Background: Atopic dermatitis (AD) is the most common chronic pediatric skin disease, and it can profoundly affect a family's quality of life. Children with flaring AD often seek treatment in emergency departments (EDs), which leads to expensive care and ineffective long-term disease control.
Objectives: The objective of the current study was to determine the effect of a pediatric dermatology service (PDS) on ED use and charges and of disease outcomes for patients diagnosed with AD before and after establishing an intramural PDS.
Methods: This retrospective study reviewed electronic medical records of patients presenting to an urban children's hospital ED with diagnoses encompassing the terms AD, eczema, dermatitis and International Classification of Diseases, Ninth Revision (ICD-9) codes 691.8 and 692.9 during the year before (pre-PDS period) and 3 years after establishing a PDS.
Results: There were 205 ED visits for dermatitis in the pre-PDS period and 130 in the with-PDS period, a 36.6% decrease (p < 0.001). In the pre-PDS period, 53.7% (n = 110/205) of patients presenting to the ED had moderate dermatitis, compared with 26.2% (n = 34/130) in the with-PDS period, a 69.1% decrease (p < 0.001). Total ED charges were $142,885 for the pre-PDS period and $90,610 for the with-PDS period, a $52,275 decrease.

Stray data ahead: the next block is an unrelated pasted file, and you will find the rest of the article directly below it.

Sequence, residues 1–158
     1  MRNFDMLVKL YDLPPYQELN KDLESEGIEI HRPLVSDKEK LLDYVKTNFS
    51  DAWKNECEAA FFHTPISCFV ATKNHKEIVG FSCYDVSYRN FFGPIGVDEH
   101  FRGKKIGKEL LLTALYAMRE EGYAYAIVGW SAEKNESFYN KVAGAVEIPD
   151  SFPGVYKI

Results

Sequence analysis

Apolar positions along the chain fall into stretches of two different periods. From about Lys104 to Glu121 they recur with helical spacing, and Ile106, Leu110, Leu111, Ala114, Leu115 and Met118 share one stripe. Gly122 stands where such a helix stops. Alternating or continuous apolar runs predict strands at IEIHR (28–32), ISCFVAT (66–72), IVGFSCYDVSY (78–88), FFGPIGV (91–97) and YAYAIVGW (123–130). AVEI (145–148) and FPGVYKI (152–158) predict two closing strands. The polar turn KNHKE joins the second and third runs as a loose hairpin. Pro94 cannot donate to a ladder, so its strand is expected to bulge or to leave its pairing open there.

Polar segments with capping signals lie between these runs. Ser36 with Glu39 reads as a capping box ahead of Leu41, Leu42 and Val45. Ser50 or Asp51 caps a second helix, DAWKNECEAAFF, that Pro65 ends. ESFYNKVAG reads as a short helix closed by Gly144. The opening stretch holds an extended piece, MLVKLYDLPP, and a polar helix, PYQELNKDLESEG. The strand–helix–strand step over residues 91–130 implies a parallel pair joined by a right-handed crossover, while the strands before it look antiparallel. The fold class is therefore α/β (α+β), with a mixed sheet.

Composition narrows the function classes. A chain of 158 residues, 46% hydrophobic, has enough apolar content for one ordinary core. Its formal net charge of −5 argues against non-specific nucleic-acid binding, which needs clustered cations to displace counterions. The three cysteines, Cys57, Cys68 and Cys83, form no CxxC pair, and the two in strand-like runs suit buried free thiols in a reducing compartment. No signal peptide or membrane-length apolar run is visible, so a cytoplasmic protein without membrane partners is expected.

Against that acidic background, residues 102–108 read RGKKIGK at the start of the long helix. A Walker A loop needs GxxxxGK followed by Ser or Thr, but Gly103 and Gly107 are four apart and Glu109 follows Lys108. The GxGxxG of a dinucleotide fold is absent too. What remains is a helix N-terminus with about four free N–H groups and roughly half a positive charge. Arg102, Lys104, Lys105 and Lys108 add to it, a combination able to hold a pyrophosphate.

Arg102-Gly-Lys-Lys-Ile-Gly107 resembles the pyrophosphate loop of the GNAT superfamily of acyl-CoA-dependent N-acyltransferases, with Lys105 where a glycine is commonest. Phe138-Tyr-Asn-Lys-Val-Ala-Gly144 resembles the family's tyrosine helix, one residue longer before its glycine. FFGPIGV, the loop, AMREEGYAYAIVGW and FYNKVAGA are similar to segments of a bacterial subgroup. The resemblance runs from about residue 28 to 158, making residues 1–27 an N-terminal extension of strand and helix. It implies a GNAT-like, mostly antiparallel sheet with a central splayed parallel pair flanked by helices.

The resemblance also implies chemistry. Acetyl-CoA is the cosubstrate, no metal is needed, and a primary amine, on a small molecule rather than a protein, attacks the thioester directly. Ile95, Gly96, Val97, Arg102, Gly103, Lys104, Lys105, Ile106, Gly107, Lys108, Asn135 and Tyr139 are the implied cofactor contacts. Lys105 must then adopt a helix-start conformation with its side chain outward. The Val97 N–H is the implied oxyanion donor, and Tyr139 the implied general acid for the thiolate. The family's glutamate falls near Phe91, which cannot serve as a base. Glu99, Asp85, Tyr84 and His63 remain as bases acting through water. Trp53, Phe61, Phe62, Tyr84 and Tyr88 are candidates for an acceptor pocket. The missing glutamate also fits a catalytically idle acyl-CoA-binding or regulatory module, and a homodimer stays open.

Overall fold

Conclusions: This study provides a salient example of achieving the triple aim of health care reform: improving health outcomes (decreased ED visits) improving the patient experience (transitioning care from the ED to the more appropriate ambulatory clinical setting), and decreasing the cost of care (decreased ED charges).
© 2015 Wiley Periodicals, Inc.